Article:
Campaign launched to build Charles Babbage's Analytical Engine
A steam-powered computer designed by the 19th century mathematician Charles Babbage could finally be built after a campaign was launched to bring his dream to life.
The Analytical Engine – conceived in 1837 – remains one of the greatest inventions that never was as Babbage died before he could see out its construction.
However, John Graham-Cumming, a programmer and science blogger, now hopes to realise Babbage’s vision by raising £400,000 to build the giant brass and iron contraption.
He plans to use Babbage’s original blueprints for the device, which are contained in a collection of the inventor’s notebooks held at the Science Museum in London.
The campaign has already attracted 1,600 supporters who have pledged funds to kick-start the project.
Elements of the engine have been built over the last 173 years, but this would be the first complete working model of the machine.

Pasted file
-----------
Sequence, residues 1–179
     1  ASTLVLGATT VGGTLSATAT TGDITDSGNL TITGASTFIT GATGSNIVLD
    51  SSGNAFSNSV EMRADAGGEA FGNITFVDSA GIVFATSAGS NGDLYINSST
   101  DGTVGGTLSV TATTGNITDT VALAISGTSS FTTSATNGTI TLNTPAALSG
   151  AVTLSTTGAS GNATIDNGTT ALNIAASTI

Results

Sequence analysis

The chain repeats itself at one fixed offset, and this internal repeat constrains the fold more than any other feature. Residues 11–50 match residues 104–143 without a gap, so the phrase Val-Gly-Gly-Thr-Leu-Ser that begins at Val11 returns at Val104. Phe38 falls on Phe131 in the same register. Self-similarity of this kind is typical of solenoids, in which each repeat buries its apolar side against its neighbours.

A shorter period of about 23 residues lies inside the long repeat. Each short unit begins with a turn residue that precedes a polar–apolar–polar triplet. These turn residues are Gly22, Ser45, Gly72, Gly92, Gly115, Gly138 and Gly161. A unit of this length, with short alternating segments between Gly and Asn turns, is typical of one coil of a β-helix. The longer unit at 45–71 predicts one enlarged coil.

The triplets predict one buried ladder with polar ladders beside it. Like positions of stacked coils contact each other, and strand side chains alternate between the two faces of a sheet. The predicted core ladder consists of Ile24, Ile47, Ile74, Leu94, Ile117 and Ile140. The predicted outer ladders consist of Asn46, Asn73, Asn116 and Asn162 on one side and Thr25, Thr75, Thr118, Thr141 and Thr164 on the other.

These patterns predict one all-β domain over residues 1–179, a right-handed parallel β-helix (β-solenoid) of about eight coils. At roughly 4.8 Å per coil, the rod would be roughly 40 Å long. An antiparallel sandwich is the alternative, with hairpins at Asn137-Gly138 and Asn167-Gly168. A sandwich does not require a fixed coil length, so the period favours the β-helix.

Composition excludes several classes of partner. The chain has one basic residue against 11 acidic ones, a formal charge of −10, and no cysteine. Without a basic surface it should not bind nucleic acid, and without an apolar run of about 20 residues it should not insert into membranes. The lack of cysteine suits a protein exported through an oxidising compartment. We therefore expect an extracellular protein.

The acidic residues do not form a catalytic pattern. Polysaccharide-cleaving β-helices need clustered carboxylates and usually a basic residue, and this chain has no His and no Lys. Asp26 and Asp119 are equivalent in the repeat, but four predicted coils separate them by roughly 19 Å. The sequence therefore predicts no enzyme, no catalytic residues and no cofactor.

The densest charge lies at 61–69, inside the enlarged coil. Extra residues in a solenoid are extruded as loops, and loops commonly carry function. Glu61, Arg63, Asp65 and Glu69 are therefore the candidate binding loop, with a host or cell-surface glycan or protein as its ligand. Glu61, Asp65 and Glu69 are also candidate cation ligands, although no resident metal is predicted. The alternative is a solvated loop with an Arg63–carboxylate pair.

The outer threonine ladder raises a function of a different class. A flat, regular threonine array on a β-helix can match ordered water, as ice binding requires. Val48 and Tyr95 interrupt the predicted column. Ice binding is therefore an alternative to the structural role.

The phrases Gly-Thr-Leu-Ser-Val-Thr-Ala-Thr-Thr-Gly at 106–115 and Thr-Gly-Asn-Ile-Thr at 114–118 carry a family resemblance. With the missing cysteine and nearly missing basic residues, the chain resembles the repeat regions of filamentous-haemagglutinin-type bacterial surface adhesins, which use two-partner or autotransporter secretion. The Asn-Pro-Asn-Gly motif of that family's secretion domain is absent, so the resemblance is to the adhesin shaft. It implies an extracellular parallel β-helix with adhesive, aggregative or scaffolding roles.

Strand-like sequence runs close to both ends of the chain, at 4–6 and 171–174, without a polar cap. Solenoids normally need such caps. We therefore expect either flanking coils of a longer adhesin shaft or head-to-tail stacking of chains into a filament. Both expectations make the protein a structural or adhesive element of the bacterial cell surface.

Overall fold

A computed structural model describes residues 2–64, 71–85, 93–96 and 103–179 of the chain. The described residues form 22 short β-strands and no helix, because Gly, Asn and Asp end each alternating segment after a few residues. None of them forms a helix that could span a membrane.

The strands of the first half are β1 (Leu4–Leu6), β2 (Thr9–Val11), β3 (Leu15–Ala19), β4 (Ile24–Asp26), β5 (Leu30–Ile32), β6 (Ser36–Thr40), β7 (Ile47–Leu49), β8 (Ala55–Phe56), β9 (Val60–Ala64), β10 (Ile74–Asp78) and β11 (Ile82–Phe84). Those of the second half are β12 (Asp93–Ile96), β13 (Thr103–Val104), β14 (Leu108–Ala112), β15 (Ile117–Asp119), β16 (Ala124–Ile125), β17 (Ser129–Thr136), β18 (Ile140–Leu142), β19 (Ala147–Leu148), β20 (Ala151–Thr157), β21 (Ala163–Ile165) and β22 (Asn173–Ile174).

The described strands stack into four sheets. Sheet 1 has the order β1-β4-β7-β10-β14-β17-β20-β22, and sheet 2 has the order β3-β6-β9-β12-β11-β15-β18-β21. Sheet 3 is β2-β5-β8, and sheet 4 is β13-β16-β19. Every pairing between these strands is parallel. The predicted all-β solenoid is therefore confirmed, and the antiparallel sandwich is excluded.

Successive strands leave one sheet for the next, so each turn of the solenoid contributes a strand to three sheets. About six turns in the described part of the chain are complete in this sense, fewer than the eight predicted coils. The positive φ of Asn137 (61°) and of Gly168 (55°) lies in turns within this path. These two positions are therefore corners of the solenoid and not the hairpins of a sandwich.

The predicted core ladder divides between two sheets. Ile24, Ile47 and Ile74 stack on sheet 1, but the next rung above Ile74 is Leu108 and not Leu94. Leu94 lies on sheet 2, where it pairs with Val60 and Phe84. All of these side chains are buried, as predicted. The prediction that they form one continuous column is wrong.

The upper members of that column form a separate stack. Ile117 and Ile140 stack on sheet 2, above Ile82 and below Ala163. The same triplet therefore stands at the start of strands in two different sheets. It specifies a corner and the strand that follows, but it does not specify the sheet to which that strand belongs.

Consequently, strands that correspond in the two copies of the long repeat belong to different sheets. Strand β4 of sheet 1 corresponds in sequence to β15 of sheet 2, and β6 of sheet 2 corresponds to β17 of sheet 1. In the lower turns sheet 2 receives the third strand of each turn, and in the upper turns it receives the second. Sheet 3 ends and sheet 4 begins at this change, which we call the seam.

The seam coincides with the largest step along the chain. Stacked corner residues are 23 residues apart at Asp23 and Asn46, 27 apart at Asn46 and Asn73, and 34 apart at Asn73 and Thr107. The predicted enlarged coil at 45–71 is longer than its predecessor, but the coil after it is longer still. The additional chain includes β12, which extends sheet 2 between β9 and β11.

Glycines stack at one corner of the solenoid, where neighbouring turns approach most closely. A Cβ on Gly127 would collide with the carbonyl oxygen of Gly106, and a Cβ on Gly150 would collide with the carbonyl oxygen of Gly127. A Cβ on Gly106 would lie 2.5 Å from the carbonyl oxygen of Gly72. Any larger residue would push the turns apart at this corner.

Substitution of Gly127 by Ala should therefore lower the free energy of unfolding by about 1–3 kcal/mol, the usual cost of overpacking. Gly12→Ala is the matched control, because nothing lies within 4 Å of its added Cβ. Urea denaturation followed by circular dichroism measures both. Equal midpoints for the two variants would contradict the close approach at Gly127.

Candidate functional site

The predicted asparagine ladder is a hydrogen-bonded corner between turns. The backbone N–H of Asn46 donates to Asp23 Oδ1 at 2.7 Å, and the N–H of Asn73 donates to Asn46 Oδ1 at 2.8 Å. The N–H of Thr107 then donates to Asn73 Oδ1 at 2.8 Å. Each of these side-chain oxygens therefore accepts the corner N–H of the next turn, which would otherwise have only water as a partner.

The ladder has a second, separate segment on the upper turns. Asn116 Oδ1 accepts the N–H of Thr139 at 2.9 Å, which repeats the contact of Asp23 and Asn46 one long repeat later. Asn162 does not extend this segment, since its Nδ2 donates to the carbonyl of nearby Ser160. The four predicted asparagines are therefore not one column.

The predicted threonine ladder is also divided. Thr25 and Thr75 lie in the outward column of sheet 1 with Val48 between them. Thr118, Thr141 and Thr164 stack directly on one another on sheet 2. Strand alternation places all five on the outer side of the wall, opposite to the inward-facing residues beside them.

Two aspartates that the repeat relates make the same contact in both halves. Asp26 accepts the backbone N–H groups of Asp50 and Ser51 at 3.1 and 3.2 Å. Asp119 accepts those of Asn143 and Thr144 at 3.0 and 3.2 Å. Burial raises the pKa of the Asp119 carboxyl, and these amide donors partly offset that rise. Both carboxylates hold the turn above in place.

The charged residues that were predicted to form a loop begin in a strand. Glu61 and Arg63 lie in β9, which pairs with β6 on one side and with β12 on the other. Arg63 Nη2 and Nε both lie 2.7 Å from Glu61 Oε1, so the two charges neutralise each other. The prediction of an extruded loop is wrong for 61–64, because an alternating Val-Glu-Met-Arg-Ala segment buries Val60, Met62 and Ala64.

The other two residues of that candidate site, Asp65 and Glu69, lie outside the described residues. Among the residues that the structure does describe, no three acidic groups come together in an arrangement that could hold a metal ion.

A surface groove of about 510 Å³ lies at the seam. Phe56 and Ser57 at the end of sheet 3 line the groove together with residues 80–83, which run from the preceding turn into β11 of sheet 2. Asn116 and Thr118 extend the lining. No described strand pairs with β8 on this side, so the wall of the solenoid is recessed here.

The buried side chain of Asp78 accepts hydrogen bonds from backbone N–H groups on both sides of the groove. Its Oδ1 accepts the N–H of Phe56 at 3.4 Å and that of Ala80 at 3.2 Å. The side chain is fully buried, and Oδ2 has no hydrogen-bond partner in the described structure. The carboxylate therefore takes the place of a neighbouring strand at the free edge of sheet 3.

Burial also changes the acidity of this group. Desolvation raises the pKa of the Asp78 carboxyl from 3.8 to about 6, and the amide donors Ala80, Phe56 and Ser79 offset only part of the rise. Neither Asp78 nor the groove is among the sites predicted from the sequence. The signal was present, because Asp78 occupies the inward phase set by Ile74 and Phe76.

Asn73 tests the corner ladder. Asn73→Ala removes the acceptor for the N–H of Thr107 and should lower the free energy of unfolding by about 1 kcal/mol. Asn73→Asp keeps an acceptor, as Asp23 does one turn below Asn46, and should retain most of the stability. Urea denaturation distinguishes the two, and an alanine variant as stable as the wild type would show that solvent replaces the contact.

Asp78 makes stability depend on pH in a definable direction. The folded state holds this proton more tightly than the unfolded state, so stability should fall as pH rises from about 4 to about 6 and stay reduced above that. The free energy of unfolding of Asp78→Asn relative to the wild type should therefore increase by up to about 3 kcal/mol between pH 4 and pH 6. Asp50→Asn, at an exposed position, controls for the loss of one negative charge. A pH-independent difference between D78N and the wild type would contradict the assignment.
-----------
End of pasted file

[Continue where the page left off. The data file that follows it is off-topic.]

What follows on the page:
"It's an inspirational piece of equipment," said Mr Graham-Cumming, author of the Geek Atlas.
"A hundred years ago, before computers were available, Babbage had envisaged this machine. "What you realise when you read Babbage's papers is that this was the first real computer.
From The Telegraph
More on the Analytical Engine
A debate on who invented the computer
More food for thought
Early computer commerical for Remington-Rand
Wednesday, October 13, 2010
Amazing rescue, three cheers to Chile and everyone involved in this rescue. While many countries helped out, it took the Chilean government to act to bring it all together. Even more remarkable is that they are still recovering from the recent earthquake. The fact that they never gave up hope both above and below speaks well of the Chilean character. Those miners, several who had already survived being trapped underground before must have known how grim their situation was, but the persevered and stayed focused.